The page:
Reconsidering the consequences of selective fisheries

Garcia, S.M., Kolding, J., Rice, J., Rochet, M.-J., Zhou, S., Arimoto, T., Beyer, J.E., Borges, L., et al. (2012). Reconsidering the consequences of selective fisheries. Science 335 (6072) 1045-1047. 10.1126/science.1214594.

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Concern about the impact of fishing on ecosystems and fisheries production is increasing. Strategies to reduce these impacts while addressing the growing need for food security include increasing selectivity: capturing species, sexes, and sizes in proportions that differ from their occurrence in the ecosystem. Increasing evidence suggests that more selective fishing neither maximizes production nor minimizes impacts. Balanced harvesting would more effectively mitigate adverse ecological effects of fishing while supporting sustainable fisheries. This strategy, which challenges present management paradigms, distributes a moderate mortality from fishing across the widest possible range of species, stocks, and sizes in an ecosystem in proportion to their natural productivity, so that the relative size and species composition is maintained.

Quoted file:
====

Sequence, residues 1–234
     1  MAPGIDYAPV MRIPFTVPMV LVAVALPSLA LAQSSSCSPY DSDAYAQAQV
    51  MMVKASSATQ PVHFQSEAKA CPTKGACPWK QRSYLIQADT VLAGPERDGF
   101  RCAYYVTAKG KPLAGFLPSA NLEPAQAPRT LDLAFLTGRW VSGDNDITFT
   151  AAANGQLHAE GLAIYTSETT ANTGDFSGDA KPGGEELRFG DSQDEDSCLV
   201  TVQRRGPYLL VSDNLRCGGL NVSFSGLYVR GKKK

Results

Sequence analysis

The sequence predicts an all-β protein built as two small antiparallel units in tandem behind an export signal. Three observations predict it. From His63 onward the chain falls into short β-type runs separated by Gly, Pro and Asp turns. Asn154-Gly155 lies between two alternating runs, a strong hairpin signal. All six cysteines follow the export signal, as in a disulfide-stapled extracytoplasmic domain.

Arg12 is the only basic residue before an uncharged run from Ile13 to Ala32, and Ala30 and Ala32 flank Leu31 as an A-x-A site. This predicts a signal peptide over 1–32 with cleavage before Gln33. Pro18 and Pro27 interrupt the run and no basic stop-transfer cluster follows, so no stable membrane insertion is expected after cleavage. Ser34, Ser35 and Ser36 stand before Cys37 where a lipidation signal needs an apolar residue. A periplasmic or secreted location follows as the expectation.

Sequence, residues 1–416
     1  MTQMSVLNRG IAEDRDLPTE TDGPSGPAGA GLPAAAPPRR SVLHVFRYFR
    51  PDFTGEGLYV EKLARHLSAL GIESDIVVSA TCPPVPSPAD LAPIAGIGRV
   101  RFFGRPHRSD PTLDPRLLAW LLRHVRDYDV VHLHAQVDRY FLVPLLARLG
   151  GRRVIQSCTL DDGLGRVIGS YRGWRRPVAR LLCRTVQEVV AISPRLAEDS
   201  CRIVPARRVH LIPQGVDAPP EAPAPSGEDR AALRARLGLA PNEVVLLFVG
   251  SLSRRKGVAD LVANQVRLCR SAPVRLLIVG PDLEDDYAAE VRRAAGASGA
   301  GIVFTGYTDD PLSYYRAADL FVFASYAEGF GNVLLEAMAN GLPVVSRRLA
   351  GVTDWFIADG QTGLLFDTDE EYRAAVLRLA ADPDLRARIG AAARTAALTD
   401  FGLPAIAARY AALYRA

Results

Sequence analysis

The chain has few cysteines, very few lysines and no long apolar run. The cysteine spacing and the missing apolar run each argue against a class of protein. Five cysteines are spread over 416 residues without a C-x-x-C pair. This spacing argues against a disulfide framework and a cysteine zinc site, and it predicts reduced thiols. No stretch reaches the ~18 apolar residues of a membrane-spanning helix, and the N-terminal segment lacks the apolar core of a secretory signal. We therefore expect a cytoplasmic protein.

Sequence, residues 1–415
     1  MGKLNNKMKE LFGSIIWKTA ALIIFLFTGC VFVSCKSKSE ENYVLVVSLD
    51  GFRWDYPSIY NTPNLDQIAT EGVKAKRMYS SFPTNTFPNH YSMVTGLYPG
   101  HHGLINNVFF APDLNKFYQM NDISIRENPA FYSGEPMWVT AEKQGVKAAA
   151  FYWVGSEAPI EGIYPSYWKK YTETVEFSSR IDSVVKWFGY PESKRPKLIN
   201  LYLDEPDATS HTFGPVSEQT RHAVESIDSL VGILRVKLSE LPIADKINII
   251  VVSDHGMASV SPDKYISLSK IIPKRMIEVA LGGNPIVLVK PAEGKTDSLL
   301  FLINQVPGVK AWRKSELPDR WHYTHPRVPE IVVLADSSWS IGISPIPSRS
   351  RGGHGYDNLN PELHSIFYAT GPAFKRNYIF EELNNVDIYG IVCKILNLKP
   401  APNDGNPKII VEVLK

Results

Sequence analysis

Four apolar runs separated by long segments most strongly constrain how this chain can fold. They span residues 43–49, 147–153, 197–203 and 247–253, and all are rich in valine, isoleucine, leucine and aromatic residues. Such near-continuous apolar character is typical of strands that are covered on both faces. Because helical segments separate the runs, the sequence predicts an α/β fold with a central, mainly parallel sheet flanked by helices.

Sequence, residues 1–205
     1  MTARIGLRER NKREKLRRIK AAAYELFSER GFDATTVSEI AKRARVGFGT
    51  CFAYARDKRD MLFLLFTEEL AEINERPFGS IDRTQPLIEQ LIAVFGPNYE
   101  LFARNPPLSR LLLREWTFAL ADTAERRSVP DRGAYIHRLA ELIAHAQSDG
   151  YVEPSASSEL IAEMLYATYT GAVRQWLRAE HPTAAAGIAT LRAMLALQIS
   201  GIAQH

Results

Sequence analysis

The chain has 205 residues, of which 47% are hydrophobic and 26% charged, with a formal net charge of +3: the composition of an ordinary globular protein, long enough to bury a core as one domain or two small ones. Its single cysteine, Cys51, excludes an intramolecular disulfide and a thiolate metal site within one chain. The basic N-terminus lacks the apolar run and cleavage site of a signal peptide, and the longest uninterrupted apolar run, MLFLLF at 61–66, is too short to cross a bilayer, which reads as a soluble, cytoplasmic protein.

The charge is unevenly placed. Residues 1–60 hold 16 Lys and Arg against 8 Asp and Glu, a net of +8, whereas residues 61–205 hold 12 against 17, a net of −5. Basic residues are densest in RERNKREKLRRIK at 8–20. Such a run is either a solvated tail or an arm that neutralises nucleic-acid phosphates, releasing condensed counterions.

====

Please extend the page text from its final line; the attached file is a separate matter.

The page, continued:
Item Type: Article
Research Programs: Evolution and Ecology (EEP)
Bibliographic Reference: Science; 335(6072):1045-1047 (2 March 2012)
Depositing User: IIASA Import
Date Deposited: 15 Jan 2016 08:46
Last Modified: 27 Aug 2021 17:22

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